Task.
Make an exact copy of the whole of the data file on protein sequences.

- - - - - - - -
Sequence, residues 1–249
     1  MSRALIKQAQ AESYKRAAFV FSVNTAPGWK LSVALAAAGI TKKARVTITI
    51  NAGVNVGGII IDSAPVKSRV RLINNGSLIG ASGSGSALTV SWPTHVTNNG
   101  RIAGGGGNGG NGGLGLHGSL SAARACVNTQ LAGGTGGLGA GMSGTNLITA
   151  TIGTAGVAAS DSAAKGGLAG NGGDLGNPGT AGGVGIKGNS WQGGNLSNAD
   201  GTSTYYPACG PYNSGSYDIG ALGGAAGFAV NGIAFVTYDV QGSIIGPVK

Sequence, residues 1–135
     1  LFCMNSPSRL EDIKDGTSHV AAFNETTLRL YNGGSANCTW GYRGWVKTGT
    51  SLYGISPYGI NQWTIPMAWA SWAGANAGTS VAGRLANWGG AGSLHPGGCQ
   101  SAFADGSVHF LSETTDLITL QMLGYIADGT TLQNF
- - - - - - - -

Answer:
Sequence, residues 1–249
     1  MSRALIKQAQ AESYKRAAFV FSVNTAPGWK LSVALAAAGI TKKARVTITI
    51  NAGVNVGGII IDSAPVKSRV RLINNGSLIG ASGSGSALTV SWPTHVTNNG
   101  RIAGGGGNGG NGGLGLHGSL SAARACVNTQ LAGGTGGLGA GMSGTNLITA
   151  TIGTAGVAAS DSAAKGGLAG NGGDLGNPGT AGGVGIKGNS WQGGNLSNAD
   201  GTSTYYPACG PYNSGSYDIG ALGGAAGFAV NGIAFVTYDV QGSIIGPVK

Sequence, residues 1–135
     1  LFCMNSPSRL EDIKDGTSHV AAFNETTLRL YNGGSANCTW GYRGWVKTGT
    51  SLYGISPYGI NQWTIPMAWA SWAGANAGTS VAGRLANWGG AGSLHPGGCQ
   101  SAFADGSVHF LSETTDLITL QMLGYIADGT TLQNF